Medicine Lodge celebrates Kansas history with a spectacular flair. Of course, since it is hometown to the flamboyant and tempestuous Carry A. Nation, it might not be surprising that the town knows how to get a point across.
The Medicine Lodge Indian Peace Treaty Pageant is a HUGE event. It involves so many actors, even the director is not quite sure of the numbers. Best estimates are between 800 and 1000 people. “It takes the whole town,” explained Cathy Colborn, this year’s pageant director. That could be why the event takes place only once every 3 to 5 years.
The show covers about 300 years of history and culminates in the re-enactment of the Peace Council of 1867 between the U.S. Government and the members of the Apache, Arapaho, Cheyenne, Comanche and Kiowa nations. The pageant is performed in a natural amphitheater near the location where the actual peace treaty took place. This year’s pageant coincided with the state’s sesquicentennial celebration and included a host of events to go along with the big show. Our friends over at the Moore Ranch Experience came to town with their longhorn cattle after a six-day cattle drive to get there. The 23rd Annual Kansas Championship Ranch Rodeo also settled the question of which ranch in Kansas has the handiest “hands.” There were parades, craft shows, art sales, a historical re-enactor encampment and helicopter tours- quite an event for a town of about 2,000 people.
But Medicine Lodge is not just a place to go every 5 years. Our family visited recently and enjoyed the Carry Nation home and Stockade Museum. The Stockade Museum is a replica of a stockade built to protect early Medicine Lodge settlers. It includes the 1877 Smith log house and a peace pipe from the 1867 peace treaty. The museum has such an eclectic mix of other historical artifacts that it feels like a roomful of hidden treasures.
Next door to the Stockade Museum (and included in the price of admission) is the home of Carry A. Nation. She is the woman who became prominent for carrying a hatchet in the temperance fight against alcohol in the early 1900s. It was while living in this Medicine Lodge Home that she was inspired to start a saloon smashing campaign which would bring her international fame. The house is furnished with several of her personal items and tells the Carry Nation story. Carry Nation is one of my favorite Kansas characters and was one of only three women recently named to the list of top 25 most Notable Kansans.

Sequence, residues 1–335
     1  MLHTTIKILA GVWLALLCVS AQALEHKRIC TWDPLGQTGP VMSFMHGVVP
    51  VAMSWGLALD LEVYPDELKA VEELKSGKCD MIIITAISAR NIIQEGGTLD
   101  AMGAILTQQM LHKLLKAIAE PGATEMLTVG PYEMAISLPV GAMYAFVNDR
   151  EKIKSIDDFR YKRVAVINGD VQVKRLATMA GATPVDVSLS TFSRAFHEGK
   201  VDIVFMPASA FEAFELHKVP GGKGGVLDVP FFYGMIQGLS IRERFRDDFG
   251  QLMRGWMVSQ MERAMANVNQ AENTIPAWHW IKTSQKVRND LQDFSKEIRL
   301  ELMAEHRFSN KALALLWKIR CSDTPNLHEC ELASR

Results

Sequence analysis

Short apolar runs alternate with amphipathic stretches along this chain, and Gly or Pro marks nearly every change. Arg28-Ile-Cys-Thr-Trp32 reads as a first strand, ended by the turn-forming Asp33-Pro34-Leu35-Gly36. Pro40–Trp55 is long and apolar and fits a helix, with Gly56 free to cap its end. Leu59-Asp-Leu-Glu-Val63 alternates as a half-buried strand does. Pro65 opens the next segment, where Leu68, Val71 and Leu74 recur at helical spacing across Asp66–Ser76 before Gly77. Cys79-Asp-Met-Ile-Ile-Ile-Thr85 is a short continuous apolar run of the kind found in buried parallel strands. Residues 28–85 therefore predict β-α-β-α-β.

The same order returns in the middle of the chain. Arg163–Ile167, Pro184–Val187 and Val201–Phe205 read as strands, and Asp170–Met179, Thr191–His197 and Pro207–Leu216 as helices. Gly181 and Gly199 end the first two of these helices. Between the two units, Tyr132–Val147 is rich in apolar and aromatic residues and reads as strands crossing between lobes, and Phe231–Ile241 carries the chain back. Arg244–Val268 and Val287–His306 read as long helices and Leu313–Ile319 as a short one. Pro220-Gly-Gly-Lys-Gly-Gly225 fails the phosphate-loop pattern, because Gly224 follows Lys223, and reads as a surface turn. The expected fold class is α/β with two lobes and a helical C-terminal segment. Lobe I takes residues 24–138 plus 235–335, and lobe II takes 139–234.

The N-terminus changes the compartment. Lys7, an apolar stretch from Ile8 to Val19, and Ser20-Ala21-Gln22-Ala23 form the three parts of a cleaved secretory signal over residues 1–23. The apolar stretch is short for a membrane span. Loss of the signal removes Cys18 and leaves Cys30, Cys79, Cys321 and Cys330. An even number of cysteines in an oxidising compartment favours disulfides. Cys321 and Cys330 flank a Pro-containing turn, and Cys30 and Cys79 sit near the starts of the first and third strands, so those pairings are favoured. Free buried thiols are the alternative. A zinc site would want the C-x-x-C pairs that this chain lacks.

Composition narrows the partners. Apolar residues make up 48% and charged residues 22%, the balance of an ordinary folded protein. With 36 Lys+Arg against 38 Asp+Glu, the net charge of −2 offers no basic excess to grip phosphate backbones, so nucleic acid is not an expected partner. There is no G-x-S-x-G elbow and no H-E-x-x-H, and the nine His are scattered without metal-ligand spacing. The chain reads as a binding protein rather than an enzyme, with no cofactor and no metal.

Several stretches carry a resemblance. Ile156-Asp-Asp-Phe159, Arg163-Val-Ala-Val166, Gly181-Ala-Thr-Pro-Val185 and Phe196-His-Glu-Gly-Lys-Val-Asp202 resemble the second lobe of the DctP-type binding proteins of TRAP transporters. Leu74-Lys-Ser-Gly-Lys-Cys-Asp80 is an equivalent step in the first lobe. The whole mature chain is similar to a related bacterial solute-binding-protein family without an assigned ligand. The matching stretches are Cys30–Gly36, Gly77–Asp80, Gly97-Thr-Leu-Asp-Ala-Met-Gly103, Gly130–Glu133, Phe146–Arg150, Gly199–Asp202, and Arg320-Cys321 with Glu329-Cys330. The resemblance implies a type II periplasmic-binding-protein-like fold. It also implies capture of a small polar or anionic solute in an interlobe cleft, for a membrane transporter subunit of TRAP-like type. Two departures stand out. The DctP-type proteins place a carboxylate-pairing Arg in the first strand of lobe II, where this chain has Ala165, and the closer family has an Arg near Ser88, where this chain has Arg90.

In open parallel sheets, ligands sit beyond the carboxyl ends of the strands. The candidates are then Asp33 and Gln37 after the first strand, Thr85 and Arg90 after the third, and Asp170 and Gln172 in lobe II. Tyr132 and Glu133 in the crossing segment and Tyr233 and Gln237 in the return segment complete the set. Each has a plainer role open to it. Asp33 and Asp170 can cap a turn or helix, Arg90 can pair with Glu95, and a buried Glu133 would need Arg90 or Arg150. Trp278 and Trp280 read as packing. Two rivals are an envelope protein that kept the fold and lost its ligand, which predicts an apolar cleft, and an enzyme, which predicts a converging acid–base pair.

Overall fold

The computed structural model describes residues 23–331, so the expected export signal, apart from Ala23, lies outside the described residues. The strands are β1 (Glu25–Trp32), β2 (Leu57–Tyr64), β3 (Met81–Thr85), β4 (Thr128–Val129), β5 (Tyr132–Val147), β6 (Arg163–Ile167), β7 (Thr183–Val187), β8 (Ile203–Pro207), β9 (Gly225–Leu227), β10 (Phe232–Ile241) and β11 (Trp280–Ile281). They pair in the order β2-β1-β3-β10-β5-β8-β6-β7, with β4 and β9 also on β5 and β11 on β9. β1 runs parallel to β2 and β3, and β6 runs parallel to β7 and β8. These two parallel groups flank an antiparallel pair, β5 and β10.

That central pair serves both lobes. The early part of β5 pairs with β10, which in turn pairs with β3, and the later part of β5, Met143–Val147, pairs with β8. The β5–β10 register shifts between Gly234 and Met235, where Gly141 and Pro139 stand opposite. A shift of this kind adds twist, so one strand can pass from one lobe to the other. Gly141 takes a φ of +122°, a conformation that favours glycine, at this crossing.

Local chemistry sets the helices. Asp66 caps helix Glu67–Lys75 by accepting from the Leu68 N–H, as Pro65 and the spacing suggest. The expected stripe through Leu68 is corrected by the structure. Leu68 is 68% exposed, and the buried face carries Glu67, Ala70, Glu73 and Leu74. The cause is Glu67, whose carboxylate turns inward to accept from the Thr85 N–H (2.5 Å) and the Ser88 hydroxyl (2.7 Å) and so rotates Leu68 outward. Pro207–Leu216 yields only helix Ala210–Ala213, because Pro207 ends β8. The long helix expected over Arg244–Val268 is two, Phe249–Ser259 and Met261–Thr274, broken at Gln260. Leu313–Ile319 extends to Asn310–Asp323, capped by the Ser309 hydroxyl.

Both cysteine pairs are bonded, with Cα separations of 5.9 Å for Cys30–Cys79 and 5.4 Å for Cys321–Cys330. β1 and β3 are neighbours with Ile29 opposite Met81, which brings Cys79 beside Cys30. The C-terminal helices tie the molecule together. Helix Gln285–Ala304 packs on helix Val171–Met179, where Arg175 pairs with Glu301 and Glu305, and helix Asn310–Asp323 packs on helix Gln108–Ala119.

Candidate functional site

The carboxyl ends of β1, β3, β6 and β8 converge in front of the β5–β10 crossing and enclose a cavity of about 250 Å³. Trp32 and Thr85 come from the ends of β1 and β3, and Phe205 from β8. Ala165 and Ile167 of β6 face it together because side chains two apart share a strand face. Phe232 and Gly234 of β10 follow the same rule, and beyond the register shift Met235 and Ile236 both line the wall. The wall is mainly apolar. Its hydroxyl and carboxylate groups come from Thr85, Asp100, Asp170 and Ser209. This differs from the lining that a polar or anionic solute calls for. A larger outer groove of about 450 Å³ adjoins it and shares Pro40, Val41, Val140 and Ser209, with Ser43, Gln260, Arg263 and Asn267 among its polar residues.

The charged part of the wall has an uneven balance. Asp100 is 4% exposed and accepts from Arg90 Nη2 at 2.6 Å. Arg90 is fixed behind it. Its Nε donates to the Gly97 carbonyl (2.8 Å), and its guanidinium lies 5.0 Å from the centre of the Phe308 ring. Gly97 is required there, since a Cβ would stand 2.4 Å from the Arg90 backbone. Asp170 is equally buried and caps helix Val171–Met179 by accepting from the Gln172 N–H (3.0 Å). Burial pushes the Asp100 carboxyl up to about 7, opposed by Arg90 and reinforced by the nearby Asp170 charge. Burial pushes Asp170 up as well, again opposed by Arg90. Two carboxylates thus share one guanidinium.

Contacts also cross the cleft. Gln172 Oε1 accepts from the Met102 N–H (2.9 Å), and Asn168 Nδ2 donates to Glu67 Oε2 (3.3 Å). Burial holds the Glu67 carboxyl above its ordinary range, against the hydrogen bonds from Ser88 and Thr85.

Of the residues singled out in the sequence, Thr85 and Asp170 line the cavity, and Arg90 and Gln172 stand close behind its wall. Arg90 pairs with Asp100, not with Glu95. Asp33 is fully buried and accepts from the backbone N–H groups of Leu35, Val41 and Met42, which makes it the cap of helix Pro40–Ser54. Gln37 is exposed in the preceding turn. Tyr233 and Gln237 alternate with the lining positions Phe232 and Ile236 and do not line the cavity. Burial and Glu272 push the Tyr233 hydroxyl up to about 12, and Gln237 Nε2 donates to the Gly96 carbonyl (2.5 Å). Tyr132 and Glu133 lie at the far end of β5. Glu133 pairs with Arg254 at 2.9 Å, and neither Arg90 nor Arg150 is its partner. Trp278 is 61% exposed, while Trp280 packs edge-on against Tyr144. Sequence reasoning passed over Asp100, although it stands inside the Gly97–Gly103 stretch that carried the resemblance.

Just west of town, you won’t want to miss the Gypsum Hills scenic byway. This relatively short byway takes you past red mesas and buttes topped with white gypsum before opening up to the vast grasses of the prairie. If you are brave enough, there is also a neat Open Range drive you can take to get you right in the middle of this unique Kansas landscape.
Medicine Lodge is a town with passion for its history. The Peace Treaty Pageant has been happening for nearly 100 years, and has a history of its own. Check out this clip below that I found on the Kansas Memory website. It is a movie of the pageant during the 1961 Centennial celebration of Kansas statehood. Some of the language in the script is less culturally sensitive than today, but it’s an interesting view. Enjoy.
And if you’ve ever been to the Peace Treaty pageant or Carry Nation’s home yourself feel free to leave a comment about what you thought of it.< Karen Ridder is a freelance writer living in Topeka. A former News Producer for KSNW-TV in Wichita, her work can also been seen in print publications including: Topeka Magazine, TK Magazine and the Topeka Capital-Journal. She has written for several national blogs and was recently recognized as one of the 2011 winners in the Annual Kansas Factual Story Contest. Karen has lived in Kansas for 15 years and married a native Wichitan. Together they are raising two little sunflower boys and a dog named George.